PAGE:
The moral: Don't sweat out Ichiro's still-.000 average this spring. I'll make a bold prediction: Ichiro will hit better than .300 in 2008 and collect more than 200 hits. Many, many more.

A glance at last year's spring statistics yield a few more cautionary tales. The Dodgers' Brad Penny had a 10.64 ERA, giving up 21 hits in 11 innings. He made the National League All-Star team and put up a 16-4 record. Oakland's Dan Haren had a 6.16 spring ERA, giving up 27 hits in 19 innings. He started the All-Star Game for the American League and won 15 games for a sub-.500 team.

Do you think the Twins were panicking last year when Carlos Silva, the other new Mariners pitcher, racked up an 11.02 ERA in spring while giving up 29 hits in 16 1/3 innings? Silva wasn't exactly Cy Young when the season started, but he won 13 games and was much better than the previous season, when he had a 3.21 ERA in Florida.

The Phillies were a tad worried last year when Aaron Rowand hit .171 in spring. He went on to have a career year that earned him a five-year, $60 million contract with the Giants.

Great spring performances can be just as misleading, of course. Going back to the Bay Area once again, Randy Elliott became the personification of the spring phenom and summer flameout back in the 1970s. Now his name is invoked every spring when the latest prospect-from-nowhere starts tearing up the Cactus League.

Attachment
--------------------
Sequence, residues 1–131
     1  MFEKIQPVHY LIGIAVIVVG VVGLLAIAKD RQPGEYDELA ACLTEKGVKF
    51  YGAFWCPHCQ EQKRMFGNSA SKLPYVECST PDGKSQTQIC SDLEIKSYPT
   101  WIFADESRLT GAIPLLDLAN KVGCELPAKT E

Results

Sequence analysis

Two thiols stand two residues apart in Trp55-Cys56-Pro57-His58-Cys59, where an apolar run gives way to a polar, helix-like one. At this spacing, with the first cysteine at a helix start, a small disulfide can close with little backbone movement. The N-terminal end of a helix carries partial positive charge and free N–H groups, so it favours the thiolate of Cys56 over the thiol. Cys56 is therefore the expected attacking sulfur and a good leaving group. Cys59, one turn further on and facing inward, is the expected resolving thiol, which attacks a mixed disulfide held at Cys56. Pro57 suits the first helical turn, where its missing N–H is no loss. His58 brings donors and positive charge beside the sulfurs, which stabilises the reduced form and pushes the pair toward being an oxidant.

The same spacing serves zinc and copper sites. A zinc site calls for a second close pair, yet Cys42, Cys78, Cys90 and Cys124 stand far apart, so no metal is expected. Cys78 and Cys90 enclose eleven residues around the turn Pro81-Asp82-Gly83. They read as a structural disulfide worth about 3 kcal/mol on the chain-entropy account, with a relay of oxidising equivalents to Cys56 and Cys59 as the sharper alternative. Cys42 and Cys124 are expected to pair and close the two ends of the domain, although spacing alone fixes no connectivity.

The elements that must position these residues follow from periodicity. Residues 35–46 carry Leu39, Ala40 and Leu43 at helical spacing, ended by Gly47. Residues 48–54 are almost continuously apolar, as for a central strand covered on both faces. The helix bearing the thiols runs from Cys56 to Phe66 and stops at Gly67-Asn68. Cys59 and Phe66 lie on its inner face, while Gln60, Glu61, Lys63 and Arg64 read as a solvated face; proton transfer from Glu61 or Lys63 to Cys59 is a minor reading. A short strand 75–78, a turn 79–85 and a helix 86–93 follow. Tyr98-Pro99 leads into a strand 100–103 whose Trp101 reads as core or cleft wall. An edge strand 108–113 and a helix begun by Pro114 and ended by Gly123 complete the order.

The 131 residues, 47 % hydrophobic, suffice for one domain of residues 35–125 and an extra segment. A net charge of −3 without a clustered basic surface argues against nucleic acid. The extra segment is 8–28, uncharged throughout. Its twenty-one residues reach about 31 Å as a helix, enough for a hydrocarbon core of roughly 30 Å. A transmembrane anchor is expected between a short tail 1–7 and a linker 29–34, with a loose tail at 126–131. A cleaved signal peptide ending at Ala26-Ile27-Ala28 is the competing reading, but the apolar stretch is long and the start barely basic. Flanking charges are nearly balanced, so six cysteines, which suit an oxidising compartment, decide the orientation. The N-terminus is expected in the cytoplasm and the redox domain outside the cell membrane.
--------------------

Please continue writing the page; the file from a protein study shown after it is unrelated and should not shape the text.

It dates back to 1977, when Elliott, an obscure outfielder, was hitting .692 in mid-March. He finished at .547 (29 for 53, with 18 extra-base hits) and made the Giants' roster.

You haven't heard of Randy Elliott? Not a surprise. He fizzled in the big leagues, finishing his career with a .215 average in 114 games over four seasons, hampered by a shoulder injury.

Phillies fans still remember Ron Stone, who always tore the cover off the ball in the Grapefruit League in the early 1970s and couldn't hit a lick when the season started. The pattern earned him the nickname "Palm Tree Stone."

Last spring, no one hit the ball with more authority than Arizona's Scott Hairston, who put up a .426 average with six homers, seven doubles, two triples and 17 runs batted in. Cactus Hairston was hitting a weak .222 for the Diamondbacks when they traded him to San Diego in July.

The point is an elementary one, but worth remembering: Players get into shape at their own pace, particularly veterans, and most particularly veteran pitchers.

I had to relearn that lesson last spring, when I was convinced that George Sherrill's magic had run out. I knew he was traditionally a slow starter, but Sherrill showed absolutely nothing in racking up a 12.86 ERA in Arizona. And then he went out and had one of the most effective relief seasons in the American League.

Bob Welch himself put it best back in 1990, after he recorded his 18th victory in early August.

"It just goes to show you," he said, "that for three weeks in spring you can really screw up and still pitch good."

Larry Stone: 206-464-3146 or

Copyright © 2008 The Seattle Times Company

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Larry Stone gives an inside look at the national baseball scene every Sunday. Look for his weekly power rankings during the season.